US - BlackRock saw outflows of $121bn in 2010 on the back of its acquisition of Barclays Global Investors, but managed to increase total assets by 6%.
In its fourth quarter results released today, BlackRock said it lost $38.7bn in merger-related outflows in the quarter ended 31 December and $121bn for the year. The first of December marked the one year anniversary of the firm's acquisition of BGI.
"We accomplished a great deal during our first year, evolving our culture, organisational structure and governance model. We worked with clients to introduce our broader global capabilities and to address manager concentration and other issues. We believe merger-related outflows are largely behind us, the organisational integration is completed, and the technology implementation remains on track," said BlackRock chief executive and chairman Laurence Fink.
Total assets reached $3.56trn at the end of the year, up from $3.45trn the previous quarter and up from $3.35trn the year before.
In the fourth quarter, the firm raked in $28.2bn in long-term strategies. Equity and multi-asset products had the strongest flows bringing in $23.7bn and $6.1bn respectively. BlackRock saw small outflows in its alternatives strategies of $2.1bn, though most was driven by the loss of a $2.6bn real estate strategy.
Clients from Europe, Middle East and Africa and Asia-Pacific clients showed the most interest in fixed income strategies, while those from the Americas leaned more towards multi-asset strategies.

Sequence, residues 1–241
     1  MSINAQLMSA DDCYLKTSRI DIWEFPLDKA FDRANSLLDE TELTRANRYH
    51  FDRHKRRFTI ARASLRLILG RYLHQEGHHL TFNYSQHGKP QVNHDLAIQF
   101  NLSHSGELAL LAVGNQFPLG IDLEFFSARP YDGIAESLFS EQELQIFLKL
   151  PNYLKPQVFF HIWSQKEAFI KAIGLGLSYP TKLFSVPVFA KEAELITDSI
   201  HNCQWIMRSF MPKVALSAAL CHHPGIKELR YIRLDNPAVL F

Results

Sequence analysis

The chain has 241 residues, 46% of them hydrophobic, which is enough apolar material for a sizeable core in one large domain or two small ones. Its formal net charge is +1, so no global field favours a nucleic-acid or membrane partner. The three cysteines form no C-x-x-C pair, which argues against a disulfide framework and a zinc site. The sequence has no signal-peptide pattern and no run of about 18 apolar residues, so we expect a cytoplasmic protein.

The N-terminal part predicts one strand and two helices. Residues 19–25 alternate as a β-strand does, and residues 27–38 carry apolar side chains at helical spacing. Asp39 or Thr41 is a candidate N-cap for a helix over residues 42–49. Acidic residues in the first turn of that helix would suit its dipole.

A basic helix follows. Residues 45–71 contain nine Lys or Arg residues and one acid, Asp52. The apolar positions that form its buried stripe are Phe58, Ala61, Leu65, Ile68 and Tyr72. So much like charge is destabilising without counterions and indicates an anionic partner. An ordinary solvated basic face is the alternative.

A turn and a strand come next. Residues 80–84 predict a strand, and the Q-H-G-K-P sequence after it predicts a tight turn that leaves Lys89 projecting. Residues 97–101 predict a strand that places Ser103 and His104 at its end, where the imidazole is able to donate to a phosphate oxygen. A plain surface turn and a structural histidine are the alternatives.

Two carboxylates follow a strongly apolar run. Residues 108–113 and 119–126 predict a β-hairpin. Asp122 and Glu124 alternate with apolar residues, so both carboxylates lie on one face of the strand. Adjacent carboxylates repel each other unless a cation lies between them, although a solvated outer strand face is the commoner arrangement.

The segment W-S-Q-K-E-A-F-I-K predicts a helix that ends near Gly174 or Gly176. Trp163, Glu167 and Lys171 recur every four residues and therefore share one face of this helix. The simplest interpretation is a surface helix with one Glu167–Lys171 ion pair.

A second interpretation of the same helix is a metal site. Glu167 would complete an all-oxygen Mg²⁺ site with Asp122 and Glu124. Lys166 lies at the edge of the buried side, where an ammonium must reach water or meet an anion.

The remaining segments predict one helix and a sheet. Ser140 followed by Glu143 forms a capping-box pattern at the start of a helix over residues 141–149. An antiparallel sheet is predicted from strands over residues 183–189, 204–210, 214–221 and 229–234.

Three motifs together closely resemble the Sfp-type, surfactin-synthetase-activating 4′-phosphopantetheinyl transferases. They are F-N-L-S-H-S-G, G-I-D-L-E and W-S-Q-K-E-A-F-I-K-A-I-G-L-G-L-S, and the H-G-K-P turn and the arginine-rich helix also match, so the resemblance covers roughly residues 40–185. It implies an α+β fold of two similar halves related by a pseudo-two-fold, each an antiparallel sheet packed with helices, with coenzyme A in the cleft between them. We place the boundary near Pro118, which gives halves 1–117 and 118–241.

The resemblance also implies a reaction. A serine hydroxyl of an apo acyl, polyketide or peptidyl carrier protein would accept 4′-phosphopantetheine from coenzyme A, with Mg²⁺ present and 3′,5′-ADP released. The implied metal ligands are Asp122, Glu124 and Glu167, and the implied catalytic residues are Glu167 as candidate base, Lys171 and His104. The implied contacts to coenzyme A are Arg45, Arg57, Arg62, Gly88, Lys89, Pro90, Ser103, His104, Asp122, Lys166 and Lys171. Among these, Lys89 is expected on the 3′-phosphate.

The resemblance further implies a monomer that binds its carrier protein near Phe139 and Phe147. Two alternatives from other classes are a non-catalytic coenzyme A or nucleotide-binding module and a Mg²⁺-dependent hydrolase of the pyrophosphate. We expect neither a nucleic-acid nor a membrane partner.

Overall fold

Meanwhile, performance fees in the fourth quarter were $326m, up 160% from the same period in 2009.
"The $201 million increase primarily relates to an increase in performance fees earned upon exceeding absolute investment or relative investment return thresholds on alternative multi-strategy hedge funds, regional/country equity strategies, multi-asset class and fixed income products," BlackRock said in its release.
Separately, yesterday BlackRock said it hired Nancy Everett, the former CEO of Promark Global Advisors, as its head of US fiduciary management solutions. This is a new position for BlackRock.
At Promark, formerly known as General Motors Asset Management, Everett was responsible for the management of GM's defined benefit and defined contribution plans.
The firm has a long history of fiduciary management in Europe, and in September was hired by Dutch scheme Stichting Pensioenfonds Medisch Specialisten to run its €5bn ($6.8bn) portfolio. (Global Pensions; 7 September 2010)
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